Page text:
Social media deception: Venezuela exposes “La Salida” conspiracy

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by Caleb Maupin, via RT.com

From February to June 2014, Venezuela experienced a period of violence and terrorism by individuals whose stated goal was to force “La Salida,” (the Exit) of the elected government.

One year later, the Venezuelan government has documented the involvement of foreign powers in a campaign of media disinformation that accompanied the unrest on the streets.

On February 12, 2015, the Venezuelan Consulate in New York City commemorated the 43 people (33 civilians plus 10 police and military personnel) who perished during the events that took place last year. The presentation documented that the episode of violence and unrest was not a spontaneous, grassroots uprising. Instead it was the result of collaboration between nonprofit agencies in the United States and an extremely isolated fringe section of the Venezuelan right wing. The goal of this collaboration was to destabilize and overthrow the elected government.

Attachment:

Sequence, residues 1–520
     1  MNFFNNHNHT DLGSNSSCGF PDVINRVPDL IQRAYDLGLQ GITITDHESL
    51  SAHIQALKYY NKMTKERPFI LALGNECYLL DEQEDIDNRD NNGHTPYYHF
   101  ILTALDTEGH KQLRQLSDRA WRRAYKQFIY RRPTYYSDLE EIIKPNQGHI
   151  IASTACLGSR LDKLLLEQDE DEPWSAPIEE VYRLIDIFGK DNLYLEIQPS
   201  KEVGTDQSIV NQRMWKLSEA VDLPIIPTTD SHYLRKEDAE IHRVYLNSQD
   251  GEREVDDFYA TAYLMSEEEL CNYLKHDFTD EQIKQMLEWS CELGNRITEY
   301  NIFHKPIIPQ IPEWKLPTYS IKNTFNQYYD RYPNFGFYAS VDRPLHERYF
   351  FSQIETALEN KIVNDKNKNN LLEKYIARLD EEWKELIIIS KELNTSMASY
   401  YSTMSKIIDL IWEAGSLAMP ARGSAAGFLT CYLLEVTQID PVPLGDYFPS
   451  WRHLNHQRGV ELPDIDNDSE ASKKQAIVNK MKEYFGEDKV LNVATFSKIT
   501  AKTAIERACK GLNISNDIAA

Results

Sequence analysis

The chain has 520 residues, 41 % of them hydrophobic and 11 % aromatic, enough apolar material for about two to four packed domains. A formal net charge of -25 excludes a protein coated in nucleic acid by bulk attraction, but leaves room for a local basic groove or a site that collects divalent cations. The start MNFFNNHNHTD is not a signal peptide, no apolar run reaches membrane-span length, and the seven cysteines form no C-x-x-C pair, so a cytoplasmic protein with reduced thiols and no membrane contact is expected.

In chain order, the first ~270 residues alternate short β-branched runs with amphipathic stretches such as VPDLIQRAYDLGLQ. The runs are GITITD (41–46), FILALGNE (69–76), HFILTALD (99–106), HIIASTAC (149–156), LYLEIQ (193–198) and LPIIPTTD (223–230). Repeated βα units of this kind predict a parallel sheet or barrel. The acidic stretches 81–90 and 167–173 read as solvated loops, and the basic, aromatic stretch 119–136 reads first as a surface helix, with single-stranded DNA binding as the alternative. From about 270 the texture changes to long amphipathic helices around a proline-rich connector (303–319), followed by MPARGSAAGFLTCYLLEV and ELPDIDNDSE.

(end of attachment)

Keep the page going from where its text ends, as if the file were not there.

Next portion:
Twenty-nine of the people who died during “La Salida” perished as a result of gunshot wounds, seven from traps set on roads. The violence that ultimately took 43 lives, included motorcyclists being virtually beheaded when they ran into steel wires placed across intersections by opposition groups. Bombings targeted hospitals, universities and buses. Explosions took place dangerously close to children’s daycare centers. Many people were in fear of their lives.

Presenting before the audience gathered at the Venezuelan Consulate, Dr. George Ciccariello-Maher of Drexel University said, “These are events that, even as they were occurring, were misrepresented.” He described the episode of violence as a staged plot to bring the Venezuelan government down – a plot that involved media manipulation and a large amount of foreign backing.

The roots of the Bolivarian Republic

The movement that eventually created the Bolivarian Republic of Venezuela can trace its roots to an upsurge in 1989 known as the “Caracazo.” This was an explosion of anger against neoliberal privatizations and the rising cost of public transportation. A rising amount of protests, strikes, and anti-Western sentiment eventually resulted in the 1999 election of Hugo Chavez as president and the 2002 beating back of a coup attempt against him.

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